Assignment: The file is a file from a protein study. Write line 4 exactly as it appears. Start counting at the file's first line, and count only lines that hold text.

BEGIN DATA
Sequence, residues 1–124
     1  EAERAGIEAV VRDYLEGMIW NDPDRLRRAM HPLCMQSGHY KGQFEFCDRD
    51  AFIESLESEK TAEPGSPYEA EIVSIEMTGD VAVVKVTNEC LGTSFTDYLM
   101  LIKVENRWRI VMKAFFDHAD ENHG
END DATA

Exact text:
   101  LIKVENRWRI VMKAFFDHAD ENHG